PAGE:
The Hilltop Parade Protest

More than a Parade, but a Call for Black Voices to be Heard on the Hilltop


Credit: Eki Uzamere

Commemorating the end of a school year, celebrating the seniors, and the clear and unequivocal call for Hackley to do better.

On Friday, June 5th, the administration welcomed students and faculty back to the campus for the first-ever Hilltop Parade.

The Hilltop Parade served as a way to get the Hackley community back together on campus, and students expressed how great it was to see everyone in person, rather than through a computer.

To the Black community and their allies, this parade not only meant celebrating Hackley, the seniors, and the end of the school year but peacefully protesting to have Black voices heard on the Hilltop.

Recent events of police brutality have sparked a call to action across the United States that has coincided with the last week of remote school. Protestors across the country have come out condemning the recent deaths of black men and women who have died at the hands of police officers under questionable circumstances or worse. Furthermore, social media has played an instrumental role in spreading information about how to take action, including recommended resources to help people self-reflect and grow, as well as petitions, protests, and so much more.

To facilitate this kind of expression, Seniors Kylie Morrison, Helen Sileshi, and former Community Council President Taylor Robin took to Instagram, posting on their stories to relay information about the protest to the student body.

“We’re still celebrating Hackley,” senior Helen Sileshi said, “But wouldn’t it be shameful to show up on the Hackley Hilltop, amongst all of the turmoil going on in America right now and just sit in our cars acting like everything’s okay? Because it’s not!”

Senior Kylie Morrison posted on her Instagram story explaining the mission of the protest, saying, “Our mission is to have the voices of Black students heard on the hilltop, in hopes of eradicating both racial bias and the maintenance of white comfort within our community. Through this demonstration, we want to show the administration that we need to actively change the narrative and promote inclusivity, not just talk about doing so.”

School administrators were supportive of the signs. This support was expressed by Middle School Director Cindy Jean in partnership with Upper School Director Andy King in an email to students prior to the parade that responded to rumors of students peacefully organizing, “The events of the last few days have had a significant impact on the students, and we applaud them for finding constructive ways to come together, to process their thinking, and to speak up on behalf of those who are hurting at this time.”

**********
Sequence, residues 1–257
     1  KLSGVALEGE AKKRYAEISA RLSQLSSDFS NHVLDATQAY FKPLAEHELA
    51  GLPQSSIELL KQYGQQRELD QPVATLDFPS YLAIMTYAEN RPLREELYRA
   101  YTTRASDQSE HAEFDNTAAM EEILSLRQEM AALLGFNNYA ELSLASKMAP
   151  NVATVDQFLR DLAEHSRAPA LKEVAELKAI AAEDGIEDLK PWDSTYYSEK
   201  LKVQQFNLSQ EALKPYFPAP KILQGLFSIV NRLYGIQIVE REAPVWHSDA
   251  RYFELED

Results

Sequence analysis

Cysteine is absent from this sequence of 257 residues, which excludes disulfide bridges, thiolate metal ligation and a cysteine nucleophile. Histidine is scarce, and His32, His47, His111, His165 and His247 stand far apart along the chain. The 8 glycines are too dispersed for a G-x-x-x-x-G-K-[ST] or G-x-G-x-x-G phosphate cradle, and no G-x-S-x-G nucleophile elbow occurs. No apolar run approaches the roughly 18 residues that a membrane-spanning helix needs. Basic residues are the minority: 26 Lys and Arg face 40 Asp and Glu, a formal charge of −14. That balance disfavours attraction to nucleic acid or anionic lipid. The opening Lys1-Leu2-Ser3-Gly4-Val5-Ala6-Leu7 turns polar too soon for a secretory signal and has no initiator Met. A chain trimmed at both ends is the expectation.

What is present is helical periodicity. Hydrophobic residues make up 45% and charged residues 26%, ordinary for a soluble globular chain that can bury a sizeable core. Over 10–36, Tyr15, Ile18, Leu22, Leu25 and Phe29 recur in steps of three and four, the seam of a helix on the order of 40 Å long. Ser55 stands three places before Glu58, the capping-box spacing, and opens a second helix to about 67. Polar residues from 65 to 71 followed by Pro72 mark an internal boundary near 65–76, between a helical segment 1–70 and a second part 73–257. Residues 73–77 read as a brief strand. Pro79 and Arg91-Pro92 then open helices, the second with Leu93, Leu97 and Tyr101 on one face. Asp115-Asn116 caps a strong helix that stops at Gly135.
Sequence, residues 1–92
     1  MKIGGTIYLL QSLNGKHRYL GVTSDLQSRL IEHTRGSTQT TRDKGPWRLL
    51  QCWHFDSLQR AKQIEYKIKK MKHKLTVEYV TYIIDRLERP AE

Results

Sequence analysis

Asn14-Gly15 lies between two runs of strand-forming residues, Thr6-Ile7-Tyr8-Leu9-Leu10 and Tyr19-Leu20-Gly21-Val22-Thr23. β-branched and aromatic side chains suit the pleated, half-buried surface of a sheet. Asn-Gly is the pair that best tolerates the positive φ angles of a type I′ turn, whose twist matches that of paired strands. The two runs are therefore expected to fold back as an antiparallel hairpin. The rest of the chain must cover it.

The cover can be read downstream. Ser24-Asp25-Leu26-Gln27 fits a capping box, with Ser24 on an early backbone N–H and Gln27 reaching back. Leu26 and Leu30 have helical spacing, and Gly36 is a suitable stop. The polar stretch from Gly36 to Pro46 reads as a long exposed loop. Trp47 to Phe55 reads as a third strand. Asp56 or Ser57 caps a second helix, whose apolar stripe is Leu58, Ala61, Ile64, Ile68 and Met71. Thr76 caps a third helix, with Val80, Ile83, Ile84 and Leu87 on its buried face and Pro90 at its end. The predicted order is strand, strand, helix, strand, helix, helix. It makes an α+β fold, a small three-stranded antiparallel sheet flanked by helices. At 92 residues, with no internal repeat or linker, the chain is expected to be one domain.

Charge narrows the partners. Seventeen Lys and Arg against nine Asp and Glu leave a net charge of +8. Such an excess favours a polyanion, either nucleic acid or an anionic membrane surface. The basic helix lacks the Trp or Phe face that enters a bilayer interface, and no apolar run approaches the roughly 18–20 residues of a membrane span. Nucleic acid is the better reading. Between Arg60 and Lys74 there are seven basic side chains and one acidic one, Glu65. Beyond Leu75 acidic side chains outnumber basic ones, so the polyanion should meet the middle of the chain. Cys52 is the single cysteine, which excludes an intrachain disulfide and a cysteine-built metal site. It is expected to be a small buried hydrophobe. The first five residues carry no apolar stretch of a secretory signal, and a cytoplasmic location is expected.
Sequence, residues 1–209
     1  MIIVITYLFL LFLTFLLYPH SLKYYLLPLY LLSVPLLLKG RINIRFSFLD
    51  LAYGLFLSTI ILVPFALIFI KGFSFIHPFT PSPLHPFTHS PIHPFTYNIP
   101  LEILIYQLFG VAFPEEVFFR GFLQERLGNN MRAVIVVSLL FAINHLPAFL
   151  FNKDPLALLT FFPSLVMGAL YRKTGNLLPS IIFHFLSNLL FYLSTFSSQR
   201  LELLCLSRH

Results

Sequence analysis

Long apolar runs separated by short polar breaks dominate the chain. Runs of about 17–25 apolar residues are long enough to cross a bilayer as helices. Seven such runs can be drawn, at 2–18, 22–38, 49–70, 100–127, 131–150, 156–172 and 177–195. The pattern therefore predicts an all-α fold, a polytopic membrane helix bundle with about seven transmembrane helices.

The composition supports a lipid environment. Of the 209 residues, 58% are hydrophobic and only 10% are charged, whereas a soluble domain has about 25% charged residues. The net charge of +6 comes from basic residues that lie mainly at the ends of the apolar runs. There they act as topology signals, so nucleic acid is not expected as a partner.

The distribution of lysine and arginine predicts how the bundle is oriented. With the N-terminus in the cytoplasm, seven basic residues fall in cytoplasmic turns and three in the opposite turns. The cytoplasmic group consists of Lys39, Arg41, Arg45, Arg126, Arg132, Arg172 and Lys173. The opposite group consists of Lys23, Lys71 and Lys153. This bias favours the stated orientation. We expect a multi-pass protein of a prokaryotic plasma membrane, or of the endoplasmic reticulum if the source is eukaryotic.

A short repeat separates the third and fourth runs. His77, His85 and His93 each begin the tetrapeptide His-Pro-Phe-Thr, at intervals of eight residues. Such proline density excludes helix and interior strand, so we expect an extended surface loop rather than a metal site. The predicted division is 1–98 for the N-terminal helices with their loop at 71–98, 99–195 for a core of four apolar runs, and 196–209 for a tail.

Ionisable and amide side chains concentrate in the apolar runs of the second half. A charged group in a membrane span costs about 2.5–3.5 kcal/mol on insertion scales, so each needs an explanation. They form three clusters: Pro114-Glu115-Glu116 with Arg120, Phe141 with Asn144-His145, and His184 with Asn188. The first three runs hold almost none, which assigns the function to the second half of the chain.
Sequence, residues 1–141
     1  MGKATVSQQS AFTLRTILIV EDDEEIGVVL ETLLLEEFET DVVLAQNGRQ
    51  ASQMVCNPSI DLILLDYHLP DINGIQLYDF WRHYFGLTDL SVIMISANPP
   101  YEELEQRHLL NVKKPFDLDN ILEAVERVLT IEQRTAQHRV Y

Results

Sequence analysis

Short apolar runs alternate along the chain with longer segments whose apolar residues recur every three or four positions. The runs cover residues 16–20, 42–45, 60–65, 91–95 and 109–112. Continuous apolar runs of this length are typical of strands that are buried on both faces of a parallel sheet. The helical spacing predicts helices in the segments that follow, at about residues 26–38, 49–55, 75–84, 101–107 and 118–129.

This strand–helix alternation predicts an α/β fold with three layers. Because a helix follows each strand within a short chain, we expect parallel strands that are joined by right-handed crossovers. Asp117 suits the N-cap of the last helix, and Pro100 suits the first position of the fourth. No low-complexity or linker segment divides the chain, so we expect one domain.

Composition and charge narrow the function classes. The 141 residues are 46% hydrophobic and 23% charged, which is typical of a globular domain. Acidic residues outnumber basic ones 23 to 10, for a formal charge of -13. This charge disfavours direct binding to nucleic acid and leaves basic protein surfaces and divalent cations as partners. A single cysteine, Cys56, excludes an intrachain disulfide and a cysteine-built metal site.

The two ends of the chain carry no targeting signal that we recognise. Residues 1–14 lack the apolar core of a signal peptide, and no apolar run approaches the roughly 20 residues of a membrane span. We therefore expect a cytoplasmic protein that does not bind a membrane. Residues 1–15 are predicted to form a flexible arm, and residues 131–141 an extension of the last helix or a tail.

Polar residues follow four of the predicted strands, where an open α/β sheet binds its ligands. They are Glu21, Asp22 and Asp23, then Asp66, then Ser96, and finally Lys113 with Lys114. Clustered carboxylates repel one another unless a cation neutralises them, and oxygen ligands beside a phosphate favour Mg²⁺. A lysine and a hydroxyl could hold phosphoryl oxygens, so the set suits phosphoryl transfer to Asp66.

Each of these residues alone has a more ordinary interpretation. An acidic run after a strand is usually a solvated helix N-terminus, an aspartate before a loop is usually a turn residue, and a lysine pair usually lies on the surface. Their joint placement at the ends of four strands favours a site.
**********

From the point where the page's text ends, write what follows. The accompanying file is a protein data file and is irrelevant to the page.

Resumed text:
As Americans have been called to take action across the country, protests have erupted. While these protests intend to use peaceful means, some have turned into events of riots, looting, and violence. In addition, while much of the policing of the protests has been supportive, there have been several cases that appear to be police abusing protestors. In all, the combination has made for one of the most volatile weeks in recent history.

The administration worked with organizers of the protest to ensure that everyone stayed in their cars. “Safety in the middle of the pandemic remains critical,” he said.

Furthermore, Helen laid out clear guidelines for the protest with three points; “1. We are not leaving our cars no matter what. 2. There will probably be no chanting. 3. And there will definitely be no rioting.”

Ms. Jean and Mr. King emphasized similar guidelines for the event. While displaying their full support for students, they said in their email, “We must emphasize two key expectations in order to ensure a healthy and safe parade for all. Families and students must remain in their vehicles at all times. Only current students and families are invited tomorrow and only one car per family is permitted on campus. Thank you for understanding our need to care for our families at this time while also supporting our students’ ability to advocate and express themselves.”

Roughly forty percent of students participated in the protest, writing quotes on their windows, and putting signs on their cars. Taylor said the protest went exactly as planned, “People were respectful and stayed in their cars the whole time…It was great to take a moment that is of course supposed to be a celebration and just keep people mindful of these issues as well.”

“I think the protest was useful in the sense that it broke the Hackley bubble,” she added, “I think a lot of the time we come back into campus and it seems as if the issue suddenly goes away, but unfortunately, it doesn’t work like that. So I think it was great to keep people aware of what’s still going on out in the world every day when we don’t have our Hackley campus to comfort us.”

Faculty joined in on the protest as well; “Many faculty dressed in black to show support, while some of us – including all of the Leadership Team – wore black armbands in solidarity with our students,” Mr. Wirtz said.

With the 2020-2021 school year on the horizon, students continue to press for progress, and administrators continue to respond with forward thinking changes that will challenge Hackley to look more critically at social issues in America and unite under the community’s core values.